Reluctant hunt results in trophy buck

Big Madison County 10-point scores more than 150 inches Boone & Crockett.

Glynn Harris

February 17, 2012 at 4:02 pm  | Mobile Reader | Pring this storyPrint 

Madison County hunter Jonathan Cleveland almost went back to bed Jan. 15 but now he's happy he sat a stand: He killed this 150-inch 10-point minutes after settling in his tree.
Madison County hunter Jonathan Cleveland almost went back to bed Jan. 15 but now he's happy he sat a stand: He killed this 150-inch 10-point minutes after settling in his tree.
When Jonathan Cleveland went to bed on the night of Jan. 15, he had plans to be in a deer stand the following day. However, when he climbed out of bed the next morning, one look outside gave him second thoughts: It was warm, with south-southwest winds gusting to 25 miles per hour. His first instinct was to skip the hunt.

Thankfully for the 33-year-old Canton hunter, he changed his mind at the last minute, went to his hunting spot, climbed into his stand.

Fifteen minutes later, Cleveland was standing over the fallen form of a massive 10-point that has been green scored at more than 150 inches Boone & Crockett.

“With it being so warm and the wind blowing, I didn’t think I’d have much chance to see a deer,” Cleveland said. “However, I’m glad I decided to give it a try.”

Cleveland hunts on a 32-acre plot of ground on which he lives, land owned by his father. The small hunk of Madison County real estate has about 15 acres of woods with a small creek meandering through the property plus a small pond.

His ace in the hole, however, is a 100-acre agricultural field that butts up against the property.

“One year the farmer plants soy beans; the next he plants corn,” Cleveland explains. “This past year, corn was the crop, and the deer had plenty of food plus water, so it’s a place that attracts deer.”

Since he is unable to get a tractor across the creek to disk and bush hog, Cleveland plants small, scattered food plots, and he does it the old-fashioned way.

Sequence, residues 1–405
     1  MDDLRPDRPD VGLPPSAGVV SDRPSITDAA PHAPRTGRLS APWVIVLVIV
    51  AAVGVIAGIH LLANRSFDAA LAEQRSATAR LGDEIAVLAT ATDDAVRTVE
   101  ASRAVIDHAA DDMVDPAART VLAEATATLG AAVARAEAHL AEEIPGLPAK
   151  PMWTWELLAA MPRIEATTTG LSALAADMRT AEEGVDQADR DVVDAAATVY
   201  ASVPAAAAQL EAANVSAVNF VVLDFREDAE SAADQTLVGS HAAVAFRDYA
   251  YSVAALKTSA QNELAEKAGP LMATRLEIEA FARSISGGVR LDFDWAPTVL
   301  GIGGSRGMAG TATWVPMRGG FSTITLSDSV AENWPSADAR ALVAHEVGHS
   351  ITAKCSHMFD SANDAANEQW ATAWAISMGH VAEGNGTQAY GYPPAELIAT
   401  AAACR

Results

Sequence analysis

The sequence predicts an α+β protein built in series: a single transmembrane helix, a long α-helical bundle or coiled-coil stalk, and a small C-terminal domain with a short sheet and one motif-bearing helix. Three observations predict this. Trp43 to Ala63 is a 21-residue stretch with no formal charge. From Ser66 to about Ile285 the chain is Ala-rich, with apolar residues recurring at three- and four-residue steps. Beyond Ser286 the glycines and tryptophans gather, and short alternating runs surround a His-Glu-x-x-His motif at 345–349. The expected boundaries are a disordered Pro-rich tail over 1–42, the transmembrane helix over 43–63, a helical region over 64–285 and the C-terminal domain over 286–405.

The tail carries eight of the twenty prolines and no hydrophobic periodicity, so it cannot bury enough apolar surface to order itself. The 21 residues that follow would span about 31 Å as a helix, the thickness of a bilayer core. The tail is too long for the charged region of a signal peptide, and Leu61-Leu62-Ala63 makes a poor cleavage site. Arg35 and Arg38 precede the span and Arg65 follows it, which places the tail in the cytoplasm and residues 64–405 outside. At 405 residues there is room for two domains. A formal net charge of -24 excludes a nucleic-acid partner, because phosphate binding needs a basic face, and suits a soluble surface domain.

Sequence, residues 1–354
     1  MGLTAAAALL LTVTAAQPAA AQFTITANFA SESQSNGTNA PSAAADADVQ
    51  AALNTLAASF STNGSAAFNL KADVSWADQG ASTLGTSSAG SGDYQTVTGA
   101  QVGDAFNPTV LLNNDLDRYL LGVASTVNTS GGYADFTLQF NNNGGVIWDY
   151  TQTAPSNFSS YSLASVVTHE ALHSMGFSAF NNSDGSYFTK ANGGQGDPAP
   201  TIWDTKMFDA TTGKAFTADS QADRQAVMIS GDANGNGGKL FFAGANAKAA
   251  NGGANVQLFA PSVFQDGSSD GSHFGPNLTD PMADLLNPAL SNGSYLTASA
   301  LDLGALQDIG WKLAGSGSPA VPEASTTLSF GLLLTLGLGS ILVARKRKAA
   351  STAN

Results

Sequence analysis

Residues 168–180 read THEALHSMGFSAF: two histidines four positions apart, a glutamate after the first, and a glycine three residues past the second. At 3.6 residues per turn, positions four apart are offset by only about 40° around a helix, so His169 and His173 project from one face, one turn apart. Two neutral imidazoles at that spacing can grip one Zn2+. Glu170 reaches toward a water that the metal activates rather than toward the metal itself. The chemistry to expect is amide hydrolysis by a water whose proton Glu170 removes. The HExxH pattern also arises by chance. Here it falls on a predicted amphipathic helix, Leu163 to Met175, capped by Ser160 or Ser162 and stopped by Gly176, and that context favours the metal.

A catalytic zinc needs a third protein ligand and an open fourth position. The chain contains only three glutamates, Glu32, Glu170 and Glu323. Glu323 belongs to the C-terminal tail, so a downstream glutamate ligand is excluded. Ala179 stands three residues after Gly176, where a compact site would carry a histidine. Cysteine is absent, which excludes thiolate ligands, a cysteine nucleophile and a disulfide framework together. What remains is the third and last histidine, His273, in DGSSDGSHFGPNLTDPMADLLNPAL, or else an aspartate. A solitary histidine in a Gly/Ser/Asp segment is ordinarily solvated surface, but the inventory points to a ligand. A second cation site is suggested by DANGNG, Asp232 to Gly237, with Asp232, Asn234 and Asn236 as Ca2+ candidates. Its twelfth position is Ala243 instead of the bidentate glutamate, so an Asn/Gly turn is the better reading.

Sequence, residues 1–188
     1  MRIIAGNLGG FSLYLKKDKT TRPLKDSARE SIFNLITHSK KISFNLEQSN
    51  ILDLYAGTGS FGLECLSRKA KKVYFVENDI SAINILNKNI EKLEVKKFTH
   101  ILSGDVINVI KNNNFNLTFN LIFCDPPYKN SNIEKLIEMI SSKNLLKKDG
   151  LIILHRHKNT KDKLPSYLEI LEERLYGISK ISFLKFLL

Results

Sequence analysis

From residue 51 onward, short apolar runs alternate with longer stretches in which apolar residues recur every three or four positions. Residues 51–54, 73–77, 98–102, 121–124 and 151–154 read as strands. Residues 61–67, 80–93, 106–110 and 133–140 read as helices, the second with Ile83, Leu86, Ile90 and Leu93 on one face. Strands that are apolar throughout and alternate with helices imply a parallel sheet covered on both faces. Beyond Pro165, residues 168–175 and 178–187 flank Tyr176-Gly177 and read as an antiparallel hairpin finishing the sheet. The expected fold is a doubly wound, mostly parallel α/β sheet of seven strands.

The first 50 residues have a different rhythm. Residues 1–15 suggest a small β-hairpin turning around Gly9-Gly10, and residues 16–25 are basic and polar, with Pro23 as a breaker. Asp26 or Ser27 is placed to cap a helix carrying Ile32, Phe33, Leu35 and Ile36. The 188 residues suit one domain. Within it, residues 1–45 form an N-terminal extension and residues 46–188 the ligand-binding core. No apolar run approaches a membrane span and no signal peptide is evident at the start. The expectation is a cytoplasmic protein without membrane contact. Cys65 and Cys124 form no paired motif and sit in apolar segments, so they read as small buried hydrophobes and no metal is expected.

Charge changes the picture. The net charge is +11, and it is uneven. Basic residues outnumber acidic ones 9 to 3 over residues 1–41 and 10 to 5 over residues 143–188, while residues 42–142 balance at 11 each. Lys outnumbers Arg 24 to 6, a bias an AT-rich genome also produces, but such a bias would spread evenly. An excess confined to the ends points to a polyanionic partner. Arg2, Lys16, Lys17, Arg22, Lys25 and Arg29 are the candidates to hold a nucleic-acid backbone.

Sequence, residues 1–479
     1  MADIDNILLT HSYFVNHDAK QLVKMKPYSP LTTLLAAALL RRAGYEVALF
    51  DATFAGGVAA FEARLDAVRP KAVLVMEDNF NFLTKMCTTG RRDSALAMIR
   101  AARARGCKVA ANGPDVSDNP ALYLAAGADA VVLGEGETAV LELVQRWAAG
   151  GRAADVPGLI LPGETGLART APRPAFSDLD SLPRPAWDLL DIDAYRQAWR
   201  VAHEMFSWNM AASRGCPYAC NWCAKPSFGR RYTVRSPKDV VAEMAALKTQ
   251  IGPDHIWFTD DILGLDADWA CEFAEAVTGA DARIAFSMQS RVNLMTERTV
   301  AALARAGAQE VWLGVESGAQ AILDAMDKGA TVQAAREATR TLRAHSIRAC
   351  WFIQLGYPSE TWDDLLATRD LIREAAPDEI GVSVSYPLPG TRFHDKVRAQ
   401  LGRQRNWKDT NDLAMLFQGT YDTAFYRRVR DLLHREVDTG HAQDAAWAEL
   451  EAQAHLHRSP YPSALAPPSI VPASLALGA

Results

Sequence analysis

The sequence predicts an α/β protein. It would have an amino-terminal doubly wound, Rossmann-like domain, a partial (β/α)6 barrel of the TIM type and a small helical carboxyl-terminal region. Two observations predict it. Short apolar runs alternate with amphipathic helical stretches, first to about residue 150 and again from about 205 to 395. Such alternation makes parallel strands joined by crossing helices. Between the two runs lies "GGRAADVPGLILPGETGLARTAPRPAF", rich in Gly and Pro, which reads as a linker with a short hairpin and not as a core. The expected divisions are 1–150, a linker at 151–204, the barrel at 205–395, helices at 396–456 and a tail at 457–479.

“I take a hand rake, remove the leaves from a spot, stir up the soil and throw out an agricultural mixture of rye and some other stuff,” he explained. “It’s not much, but it’s the best I can do under the circumstances, and the deer use it.”

After shinnying up a tree in his Old Man tree climbing stand, Cleveland settled in with very little optimism because of the breeze and warm temperatures.

But he hardly had time to bemoan his fate before he looked up to see not one but three bucks headed his way.

“I got in the stand at around 6:45 a.m., and at 7 here came a big 10-point buck with a wide rack, an 8-point with a spread of probably 17 inches and a smaller 4-point buck,” Cleveland said. “There was no doubt which one I wanted to shoot – the 10 point, of course - and I watched him stop and freshen a scrape ,and then he turned broadside at 75 yards.”

That’s all the hunter needed.

“I squeezed off a shot with my .30-06 and watched the buck run 50 yards, stop and then turn to face me,” Cleveland said. “I quickly got off another shot, and the buck dropped right there.”

The buck sported a massive rack  that featured an impressive 21 5/8-inch inside spread. Cleveland entered the buck in a big buck contest in Mississippi, and had it rough scored at 153 7/8 inches.

The buck, obviously rutted down, still tipped the scales at  175 pounds.

See more than 140 bucks killed this season in the Nikon Big Buck Contest photo gallery. The contest is closed now, but will begin again in October.

Click here to read stories of some of the biggest bucks killed during the 2011-12 hunting season.






View other articles written Glynn Harris